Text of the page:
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July 17, 2008


By Howard Mintz



Court lets stand initiative on same-sex marriages



With perhaps the last legal roadblock removed, it appears the fate of gay marriage in California will be up to the voters in November.


The California Supreme Court on Wednesday rejected a bid by civil rights groups to remove a measure from the November ballot that would restore the state's ban on same-sex marriage. Without comment, the justices unanimously refused to hear the legal challenge, filed last month by Equality California, a group opposed to Proposition 8.


The ballot measure would amend the state constitution to confine marriage to a union between a man and a woman. Civil rights groups had argued that the measure was legally flawed and would conflict with the state Supreme Court's ruling in May striking down California's previous ban on same-sex marriage.

But the Supreme Court, which is ordinarily reluctant to tamper with ballot measures, declined to hear the case. Secretary of State Debra Bowen had urged the court to decide the matter by next month, when ballot materials must be sent out to the printer.


Proposition 8 supporters were quick to criticize gay marriage advocates for trying to kick the initiative off the ballot.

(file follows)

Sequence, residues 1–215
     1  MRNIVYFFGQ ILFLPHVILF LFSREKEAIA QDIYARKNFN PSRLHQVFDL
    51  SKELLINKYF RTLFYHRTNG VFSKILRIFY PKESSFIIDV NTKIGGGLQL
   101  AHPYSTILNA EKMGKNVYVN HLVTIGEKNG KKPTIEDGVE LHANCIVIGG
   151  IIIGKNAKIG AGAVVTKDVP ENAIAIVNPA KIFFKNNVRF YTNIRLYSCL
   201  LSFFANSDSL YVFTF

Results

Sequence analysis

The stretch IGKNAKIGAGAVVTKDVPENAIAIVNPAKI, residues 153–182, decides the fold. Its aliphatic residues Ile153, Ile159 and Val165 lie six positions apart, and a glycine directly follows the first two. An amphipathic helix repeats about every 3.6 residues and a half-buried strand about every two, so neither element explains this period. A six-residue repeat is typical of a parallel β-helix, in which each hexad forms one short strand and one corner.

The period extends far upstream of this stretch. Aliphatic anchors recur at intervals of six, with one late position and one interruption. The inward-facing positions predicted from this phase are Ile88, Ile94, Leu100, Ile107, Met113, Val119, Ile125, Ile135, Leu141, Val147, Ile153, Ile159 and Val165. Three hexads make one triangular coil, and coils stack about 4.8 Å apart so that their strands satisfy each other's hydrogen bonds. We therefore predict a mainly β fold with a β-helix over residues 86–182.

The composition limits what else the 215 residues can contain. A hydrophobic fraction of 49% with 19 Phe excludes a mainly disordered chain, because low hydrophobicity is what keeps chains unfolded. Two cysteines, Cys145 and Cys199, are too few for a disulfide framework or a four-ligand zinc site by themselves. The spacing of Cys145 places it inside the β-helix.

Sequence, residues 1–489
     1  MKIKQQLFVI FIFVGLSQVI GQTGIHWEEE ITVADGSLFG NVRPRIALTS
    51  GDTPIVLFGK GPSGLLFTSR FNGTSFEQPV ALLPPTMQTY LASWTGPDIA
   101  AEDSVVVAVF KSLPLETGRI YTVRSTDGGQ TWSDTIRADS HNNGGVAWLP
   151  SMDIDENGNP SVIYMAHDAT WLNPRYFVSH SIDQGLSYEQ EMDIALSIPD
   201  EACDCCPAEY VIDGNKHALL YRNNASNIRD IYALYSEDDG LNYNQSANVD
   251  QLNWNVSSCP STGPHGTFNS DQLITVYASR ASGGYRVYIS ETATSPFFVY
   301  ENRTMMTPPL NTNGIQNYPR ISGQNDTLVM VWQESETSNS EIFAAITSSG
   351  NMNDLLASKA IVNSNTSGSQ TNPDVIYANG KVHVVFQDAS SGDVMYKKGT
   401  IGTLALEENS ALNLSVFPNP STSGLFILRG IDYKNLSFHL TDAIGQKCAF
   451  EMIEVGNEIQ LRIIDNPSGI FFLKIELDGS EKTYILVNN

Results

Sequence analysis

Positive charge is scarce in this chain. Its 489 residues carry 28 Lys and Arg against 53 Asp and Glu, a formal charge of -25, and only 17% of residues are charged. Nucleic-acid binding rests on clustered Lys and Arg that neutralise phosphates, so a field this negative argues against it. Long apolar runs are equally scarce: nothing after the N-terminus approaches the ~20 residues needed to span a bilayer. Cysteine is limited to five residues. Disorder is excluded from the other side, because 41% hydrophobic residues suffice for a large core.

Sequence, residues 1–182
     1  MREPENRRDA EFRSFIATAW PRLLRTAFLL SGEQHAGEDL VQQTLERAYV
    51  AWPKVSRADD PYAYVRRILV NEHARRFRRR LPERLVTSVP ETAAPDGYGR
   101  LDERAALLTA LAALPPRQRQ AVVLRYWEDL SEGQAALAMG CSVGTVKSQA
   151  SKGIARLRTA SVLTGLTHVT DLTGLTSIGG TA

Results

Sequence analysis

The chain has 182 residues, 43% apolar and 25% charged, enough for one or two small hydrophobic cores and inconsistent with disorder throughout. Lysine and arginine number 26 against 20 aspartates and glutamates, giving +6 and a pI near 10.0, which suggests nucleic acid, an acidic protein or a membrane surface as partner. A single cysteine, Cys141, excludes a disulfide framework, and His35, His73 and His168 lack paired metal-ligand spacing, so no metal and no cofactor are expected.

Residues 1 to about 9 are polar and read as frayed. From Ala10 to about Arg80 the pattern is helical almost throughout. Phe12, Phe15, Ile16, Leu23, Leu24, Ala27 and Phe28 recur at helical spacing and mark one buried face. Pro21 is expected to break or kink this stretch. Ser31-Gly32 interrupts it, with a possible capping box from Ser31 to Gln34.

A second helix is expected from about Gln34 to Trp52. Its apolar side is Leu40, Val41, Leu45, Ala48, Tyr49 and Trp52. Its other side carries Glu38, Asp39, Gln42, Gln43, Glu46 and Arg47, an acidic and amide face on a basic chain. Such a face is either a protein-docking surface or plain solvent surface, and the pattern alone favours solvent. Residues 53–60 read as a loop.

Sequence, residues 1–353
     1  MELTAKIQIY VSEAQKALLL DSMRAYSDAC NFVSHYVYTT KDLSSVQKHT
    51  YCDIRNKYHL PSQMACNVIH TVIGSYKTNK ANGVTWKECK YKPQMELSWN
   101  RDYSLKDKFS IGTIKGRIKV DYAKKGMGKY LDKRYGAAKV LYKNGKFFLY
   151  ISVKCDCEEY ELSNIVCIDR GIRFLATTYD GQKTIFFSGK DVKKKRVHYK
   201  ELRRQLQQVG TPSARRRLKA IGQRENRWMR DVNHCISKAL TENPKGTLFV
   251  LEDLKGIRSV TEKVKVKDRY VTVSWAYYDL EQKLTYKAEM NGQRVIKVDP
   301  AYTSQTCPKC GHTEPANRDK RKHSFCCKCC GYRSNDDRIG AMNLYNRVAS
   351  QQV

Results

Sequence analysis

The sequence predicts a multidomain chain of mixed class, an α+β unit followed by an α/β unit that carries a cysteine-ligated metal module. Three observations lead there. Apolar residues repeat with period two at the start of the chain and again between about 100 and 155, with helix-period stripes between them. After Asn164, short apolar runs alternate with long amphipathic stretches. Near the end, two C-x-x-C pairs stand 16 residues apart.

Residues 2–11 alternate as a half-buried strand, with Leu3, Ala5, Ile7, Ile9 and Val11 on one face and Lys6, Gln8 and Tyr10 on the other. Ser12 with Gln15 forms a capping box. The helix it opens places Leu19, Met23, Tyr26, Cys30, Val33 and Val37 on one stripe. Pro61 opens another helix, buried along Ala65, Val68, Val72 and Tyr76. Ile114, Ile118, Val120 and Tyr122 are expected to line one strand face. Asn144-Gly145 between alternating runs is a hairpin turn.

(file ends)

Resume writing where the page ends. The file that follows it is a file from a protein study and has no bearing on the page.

"The court's dismissal sends a strong message that Proposition 8 continues to have the law on its side," said Ron Prentice, chairman of the campaign. "Time and again, the opponents have attempted to circumvent the democratic process."


Civil rights groups, meanwhile, downplayed the development, vowing to press the campaign against the ballot measure.


"We're disappointed, but this ruling does not affect the campaign against Prop. 8 in any way," said a prepared statement from several of the groups, including the National Center for Lesbian Rights and the American Civil Liberties Union. "We have been focused on continuing the election and moving forward."


Gay marriage opponents are hoping the ballot measure will erase the impact of the Supreme Court's ruling, which found the state ban on gay marriage unconstitutional because it did not provide equal rights to gay and lesbian couples. If the ballot measure succeeds, it would effectively trump the Supreme Court ruling by amending the state constitution.


Civil rights groups have vowed to return to the courts and challenge the measure if it is approved by voters, arguing that the ban would still be unconstitutional.

In the meantime, thousands of gay couples continue to take advantage of their newfound legal right to marry across California. Marriage Equality, a group backing gay marriage, on Wednesday celebrated the one-month anniversary of the first marriage licenses being issued to same-sex couples in the state.


A recent Field Poll showed a majority of voters support the right of gay and lesbian couples to marry in California.


Contact Howard Mintz at or (408) 286-0236.